I just received a digital image from the Boston Athenaeum for use on the 13th Mass web site. I had to pay a digitizing fee and a one time only ‘use fee’ but it was reasonable and worth it to me. It will be the most costly item on my web site. It’s a lithograph by artist Henry Bacon, [Co. D, 13th Mass.], depicting two important events in the annals of the regiment; 4th of July, 1861 & 4th of July, 1862. It’s titled “Ye Two Galorious Fourths.” My philosophy for the website is to let the soldiers in the regiment tell its history as much as possible. Bacon’s semi-comic visual remembrance contains personal details that another artist might miss. I’ve been pretty fortunate in finding materials for the website, but there have been a few times when I’ve run into obstacles, and I think this is a topic that’s worth a little discussion.
A library recently denied permission to post some letter transcriptions from their collection on my site. Some of this soldier’s letters have been floating around at auction houses, and I own one of the originals. The soldier was killed at Gettysburg, so in a way, I’m exploiting his death for poignancy sake. But the real reason I wanted to post selective transcriptions, is because the soldiers’ voice is one more piece of the huge tapestry that tells the story of the 13th Mass. This brings up a question of ownership & ‘free use.’
I can understand the library’s position; they don’t want the letter transcriptions plastered across the internet. My position is that the context of the letters would be more easily understood if they appeared on a webpage featuring contemporary letters of his comrades. Plus the letters were written almost 150 years ago…but the library owns the letters, and they get some small revenues selling transcriptions and attracting visitors to their collection.
Many descendants of 13th Mass men have shared soldier’s letters or images with me, and I always ask if it is alright to post them on the website. These add to the voices of the regiment. Many descendants are pleased to do so, some are indifferent, and a few are reluctant for family considerations or for publishing considerations. Most are very generous. But it is still their decision to make, which I respect. I get materials from other places – books, and from private collectors. I used to think it was better for artifacts to reside in museums or libraries rather than with private collectors, because access would be easier but I have changed my mind on this point.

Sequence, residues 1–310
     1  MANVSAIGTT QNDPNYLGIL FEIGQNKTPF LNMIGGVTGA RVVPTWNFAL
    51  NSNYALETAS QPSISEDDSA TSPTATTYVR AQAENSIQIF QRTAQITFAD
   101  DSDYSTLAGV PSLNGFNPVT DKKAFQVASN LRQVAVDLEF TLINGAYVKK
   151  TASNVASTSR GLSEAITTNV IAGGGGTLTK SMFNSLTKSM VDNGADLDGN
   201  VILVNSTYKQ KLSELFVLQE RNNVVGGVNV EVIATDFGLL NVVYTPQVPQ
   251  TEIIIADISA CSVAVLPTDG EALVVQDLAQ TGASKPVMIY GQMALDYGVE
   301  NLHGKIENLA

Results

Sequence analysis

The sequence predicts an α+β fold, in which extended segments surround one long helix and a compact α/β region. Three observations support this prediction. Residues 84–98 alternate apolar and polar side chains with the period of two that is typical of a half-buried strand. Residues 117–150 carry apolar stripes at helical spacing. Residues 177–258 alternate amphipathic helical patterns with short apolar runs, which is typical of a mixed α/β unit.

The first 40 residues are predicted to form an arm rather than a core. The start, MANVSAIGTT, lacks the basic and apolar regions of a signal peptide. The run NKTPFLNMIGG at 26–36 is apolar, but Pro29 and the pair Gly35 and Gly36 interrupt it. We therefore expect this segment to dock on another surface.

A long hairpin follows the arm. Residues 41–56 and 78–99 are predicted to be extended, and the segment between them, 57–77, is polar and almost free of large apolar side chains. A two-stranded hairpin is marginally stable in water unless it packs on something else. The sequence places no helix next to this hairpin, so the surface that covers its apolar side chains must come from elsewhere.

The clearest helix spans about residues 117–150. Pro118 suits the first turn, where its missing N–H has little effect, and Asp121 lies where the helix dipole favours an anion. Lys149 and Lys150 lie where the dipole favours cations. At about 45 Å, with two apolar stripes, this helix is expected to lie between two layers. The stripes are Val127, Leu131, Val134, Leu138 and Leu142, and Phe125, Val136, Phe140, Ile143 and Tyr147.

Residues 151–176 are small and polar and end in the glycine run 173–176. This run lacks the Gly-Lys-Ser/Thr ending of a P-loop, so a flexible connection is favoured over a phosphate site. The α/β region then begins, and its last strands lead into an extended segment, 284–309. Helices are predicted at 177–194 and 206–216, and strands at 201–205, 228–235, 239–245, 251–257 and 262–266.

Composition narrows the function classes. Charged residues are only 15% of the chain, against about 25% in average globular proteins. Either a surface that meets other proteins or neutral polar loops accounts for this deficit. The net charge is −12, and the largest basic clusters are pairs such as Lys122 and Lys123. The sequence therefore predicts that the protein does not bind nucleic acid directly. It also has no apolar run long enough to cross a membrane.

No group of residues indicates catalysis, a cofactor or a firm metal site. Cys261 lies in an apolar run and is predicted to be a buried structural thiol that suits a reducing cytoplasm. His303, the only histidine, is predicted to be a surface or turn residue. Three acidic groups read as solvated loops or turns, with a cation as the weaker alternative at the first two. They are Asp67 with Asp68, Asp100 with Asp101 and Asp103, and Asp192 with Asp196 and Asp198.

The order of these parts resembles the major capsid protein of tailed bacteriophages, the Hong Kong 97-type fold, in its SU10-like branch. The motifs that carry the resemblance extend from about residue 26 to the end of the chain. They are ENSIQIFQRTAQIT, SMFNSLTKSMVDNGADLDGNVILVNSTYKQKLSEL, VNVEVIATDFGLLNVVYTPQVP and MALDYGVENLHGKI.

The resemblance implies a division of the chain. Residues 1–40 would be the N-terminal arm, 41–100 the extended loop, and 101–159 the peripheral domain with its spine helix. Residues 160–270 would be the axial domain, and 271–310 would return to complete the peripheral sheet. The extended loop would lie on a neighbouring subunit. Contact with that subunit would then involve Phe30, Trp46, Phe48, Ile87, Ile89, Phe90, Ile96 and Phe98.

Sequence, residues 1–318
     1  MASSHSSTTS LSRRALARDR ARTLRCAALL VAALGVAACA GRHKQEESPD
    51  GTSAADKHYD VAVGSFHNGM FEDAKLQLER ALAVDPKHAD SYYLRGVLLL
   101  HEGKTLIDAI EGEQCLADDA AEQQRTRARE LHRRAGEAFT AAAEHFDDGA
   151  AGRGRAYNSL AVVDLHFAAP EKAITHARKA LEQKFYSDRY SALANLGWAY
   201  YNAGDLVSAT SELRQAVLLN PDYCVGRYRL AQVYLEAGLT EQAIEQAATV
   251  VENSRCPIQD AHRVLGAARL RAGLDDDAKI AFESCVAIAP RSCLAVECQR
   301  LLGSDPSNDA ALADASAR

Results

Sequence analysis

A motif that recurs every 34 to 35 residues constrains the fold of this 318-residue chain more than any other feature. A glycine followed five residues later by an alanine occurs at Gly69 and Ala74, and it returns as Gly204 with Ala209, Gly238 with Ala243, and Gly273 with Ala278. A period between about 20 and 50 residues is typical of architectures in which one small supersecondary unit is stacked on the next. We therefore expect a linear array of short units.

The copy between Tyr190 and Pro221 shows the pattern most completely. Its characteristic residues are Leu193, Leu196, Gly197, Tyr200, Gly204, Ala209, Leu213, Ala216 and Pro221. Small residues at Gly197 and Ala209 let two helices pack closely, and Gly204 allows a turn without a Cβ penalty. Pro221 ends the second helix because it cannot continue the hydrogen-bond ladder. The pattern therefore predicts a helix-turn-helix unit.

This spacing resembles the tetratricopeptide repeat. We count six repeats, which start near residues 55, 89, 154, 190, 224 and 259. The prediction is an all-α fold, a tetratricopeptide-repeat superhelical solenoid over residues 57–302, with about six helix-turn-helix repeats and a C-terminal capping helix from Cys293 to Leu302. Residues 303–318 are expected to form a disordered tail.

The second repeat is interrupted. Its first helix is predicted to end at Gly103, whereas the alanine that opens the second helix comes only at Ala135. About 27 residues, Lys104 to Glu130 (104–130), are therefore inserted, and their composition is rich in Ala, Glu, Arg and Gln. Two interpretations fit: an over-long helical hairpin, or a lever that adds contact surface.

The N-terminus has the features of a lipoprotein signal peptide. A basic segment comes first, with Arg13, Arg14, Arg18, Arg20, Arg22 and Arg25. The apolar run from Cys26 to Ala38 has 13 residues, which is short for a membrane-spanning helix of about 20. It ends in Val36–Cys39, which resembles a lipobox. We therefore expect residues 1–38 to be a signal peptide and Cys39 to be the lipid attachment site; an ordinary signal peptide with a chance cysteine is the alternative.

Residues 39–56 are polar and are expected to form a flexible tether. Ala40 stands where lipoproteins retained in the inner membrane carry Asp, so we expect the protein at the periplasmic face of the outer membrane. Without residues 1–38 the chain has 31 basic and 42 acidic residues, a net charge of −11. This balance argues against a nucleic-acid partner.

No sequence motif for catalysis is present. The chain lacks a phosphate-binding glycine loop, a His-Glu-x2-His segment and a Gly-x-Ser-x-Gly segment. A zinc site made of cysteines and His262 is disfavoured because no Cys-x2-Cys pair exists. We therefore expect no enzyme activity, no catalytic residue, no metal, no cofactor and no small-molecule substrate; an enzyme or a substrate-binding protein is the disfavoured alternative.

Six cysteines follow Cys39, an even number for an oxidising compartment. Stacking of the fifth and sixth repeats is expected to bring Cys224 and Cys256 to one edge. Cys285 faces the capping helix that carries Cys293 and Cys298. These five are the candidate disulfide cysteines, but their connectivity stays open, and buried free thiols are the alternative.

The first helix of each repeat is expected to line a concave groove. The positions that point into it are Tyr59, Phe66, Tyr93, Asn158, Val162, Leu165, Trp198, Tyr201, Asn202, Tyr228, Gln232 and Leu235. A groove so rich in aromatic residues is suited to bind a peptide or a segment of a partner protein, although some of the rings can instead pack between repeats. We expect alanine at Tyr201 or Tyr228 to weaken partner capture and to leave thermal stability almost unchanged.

All the private collectors I have contacted and met, have been extremely generous, beyond belief, in sharing their collections with me. They are enthusiastic about their collections, and they take great pains to care for them and share them. Plus they have the means to keep up their collections. One gentleman let me hold the sword of Col. Corcoran, 69th NY Vols. I went to see the uniform of a 13th Mass officer that he keeps carefully preserved in his home. His wife has become an expert seamstress in mending collectible garments that have deteriorated. The collector assured me that I could get a photograph of the item should I ever want it. Another private collector shared with me about 100 digital images of 13th Mass soldiers from his own collection. There have been a lot more. In contrast, many valuable artifacts that belong to libraries or private institutions are never seen. Limited funds and prohibitive costs keep artifacts locked away in basements. I’ve been told that General Rosecran’s personal memorabilia is locked away in storage at UCLA because no one has the time or money to properly care for them.